Want to know if the Clippers are for real? Ask the Celtics (who lost to them by 29)

28 Comments

I’ve done some sports talk radio spots the last few days around the nation and this still seems to be the question on a lot of sports fans lips:

Are the Clippers really that good? Like title contender good?

Why don’t you go ask Doc Rivers or the Celtics? Or Rajon Rondo? Or Paul Pierce? Maybe not Kevin Garnett, that probably doesn’t go as well.

Boston became the latest victim of the Clippers combination of pressure defense and fast break finishing — Los Angeles handed Boston its worst loss of the season, 106-77. It was a thrashing. That is 15 straight wins for the Clippers (against 14 different teams, nearly half the NBA).

This game was over early — Boston opened the game shooting 3-of-11 and those misses became fast break opportunities for the Clippers and suddenly it was 18-4 before TNT even bothered to start showing the game (blame Darren Collison).

For the Clippers, everything was working — Blake Griffin was hitting midrange shots on his way to 15 points. Chris Paul was doing his best Curly Neal impression dribbling through the Celtics defense. Willie Green was draining threes.

And that was before the Clippers even got to their real strength — their bench. Matt Barnes had 21 points and Jamal Crawford 17. Even Lamar Odom was making plays without scoring, racking up 13 rebounds, five assists and four blocked shots.

We all get dazzled by the Clippers highlights but they are running off their defense — Boston shot 40 percent on the night, had 18 turnovers and 7 shots blocked. Each one of those misses or turnovers becomes the Clippers in transition, where their bigs run the floor faster than yours, their guards — CP3 and Eric Bledsoe — make the right decisions with the ball and they have shooters who can fill lanes or run to the corner for a three.

Boston, meanwhile, looked like they didn’t even know what hit them and never seriously threatened in the game. They got the lead down to four in the second quarter, so the Clippers responded with an 8-0 run and you knew what kind of night it would be. Kevin Garnett had 16 points on 11 shots, but every other Celtic struggled (Rajon Rondo was 4-of-121, Paul Pierce 5-of-13, and so on down the line).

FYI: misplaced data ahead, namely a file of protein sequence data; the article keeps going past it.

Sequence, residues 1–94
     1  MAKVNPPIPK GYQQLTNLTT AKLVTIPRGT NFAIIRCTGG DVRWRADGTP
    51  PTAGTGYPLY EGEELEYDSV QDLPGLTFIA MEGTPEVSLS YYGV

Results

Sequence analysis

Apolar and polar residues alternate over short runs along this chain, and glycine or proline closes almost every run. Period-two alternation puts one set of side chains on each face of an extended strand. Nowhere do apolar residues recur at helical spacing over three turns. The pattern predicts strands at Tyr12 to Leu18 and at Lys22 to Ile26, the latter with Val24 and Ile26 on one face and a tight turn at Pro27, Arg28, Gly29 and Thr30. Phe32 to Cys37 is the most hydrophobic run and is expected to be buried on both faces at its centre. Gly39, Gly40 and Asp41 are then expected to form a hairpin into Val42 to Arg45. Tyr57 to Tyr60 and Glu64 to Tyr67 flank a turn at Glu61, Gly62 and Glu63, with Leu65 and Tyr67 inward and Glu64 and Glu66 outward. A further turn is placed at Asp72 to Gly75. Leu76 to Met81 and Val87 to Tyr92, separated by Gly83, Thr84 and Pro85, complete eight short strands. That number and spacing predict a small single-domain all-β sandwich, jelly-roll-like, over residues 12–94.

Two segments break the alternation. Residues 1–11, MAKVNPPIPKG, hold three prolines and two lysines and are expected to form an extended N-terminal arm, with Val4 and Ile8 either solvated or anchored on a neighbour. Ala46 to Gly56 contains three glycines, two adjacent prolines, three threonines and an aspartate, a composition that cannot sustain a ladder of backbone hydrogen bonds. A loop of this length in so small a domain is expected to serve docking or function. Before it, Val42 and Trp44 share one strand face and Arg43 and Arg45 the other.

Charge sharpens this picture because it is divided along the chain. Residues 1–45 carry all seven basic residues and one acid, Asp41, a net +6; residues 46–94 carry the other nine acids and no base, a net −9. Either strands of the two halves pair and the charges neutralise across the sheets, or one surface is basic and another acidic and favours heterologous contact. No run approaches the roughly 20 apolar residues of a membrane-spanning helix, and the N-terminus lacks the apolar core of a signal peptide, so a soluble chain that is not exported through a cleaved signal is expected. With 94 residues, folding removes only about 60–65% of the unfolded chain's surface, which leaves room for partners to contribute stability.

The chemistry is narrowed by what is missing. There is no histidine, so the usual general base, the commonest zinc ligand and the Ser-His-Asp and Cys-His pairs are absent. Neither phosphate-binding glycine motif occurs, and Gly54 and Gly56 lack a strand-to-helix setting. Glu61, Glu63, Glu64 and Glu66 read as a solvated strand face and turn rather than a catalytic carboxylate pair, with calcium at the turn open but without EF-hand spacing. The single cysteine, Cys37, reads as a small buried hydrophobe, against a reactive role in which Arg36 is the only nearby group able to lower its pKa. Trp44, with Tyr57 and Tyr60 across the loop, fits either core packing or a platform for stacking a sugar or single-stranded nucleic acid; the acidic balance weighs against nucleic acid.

A couple of days after the Celtics looked like they had a win they could build on in Brooklyn, they got steamrolled by the hottest team in the NBA. The only Celtic able to slow the Clippers was Jared Sullinger, and he did it by getting a flagrant foul for hitting Griffin around the neck.

Boston, now 14-14, need to just put this behind them and move on.

So maybe don’t ask them if the Clippers are for real. The evidence is in the final score.

NBA apparently reviewing whether Russell Westbrook should be suspended for Thunder-Jazz Game 5

Leave a comment

The NBA has a hard rule during altercations: Any players who leave the bench area receives a one-game suspension. Intent doesn’t matter. It’s not negotiable. The league simply doesn’t want more players entering a fracas.

Russell Westbrook found a gray area last night.

The Thunder star was waiting to check into Oklahoma City’s Game 4 loss to the Jazz when Raymond Felton fouled Rudy Gobert, um, unpleasantly. Gobert and Felton got into it, though not immediately. Once they did, Westbrook walked onto the court, and he and Gobert swiped at each other.

Gobert and Felton eventually received technical fouls. But could harsher punishment be in store, especially for Westbrook?

Andy Larsen of KSL.com:

A pool reporter request to the game officials to ask them about the play was initiated, but the NBA indicated that the officials wouldn’t comment on the matter because it would be reviewed by the league’s disciplinary committee.

The key question should be: Did a referee already beckon Westbrook into the game? If one did, Westbrook shouldn’t be suspended. If none did, Westbrook should be suspended.

The league will talk to the refs and get a better understanding of what happened. Their account matters most.

But one indicator working against Westbrook: Steven Adamswhose toughness is beyond reproach – was also waiting to check in and stayed on the sideline. If Adams had already entered the game, wouldn’t he have gotten involved? Maybe not, but his hanging back is circumstantial evidence pointing toward a Westbrook suspension.

Again, though, the referees’ accounts matter far more.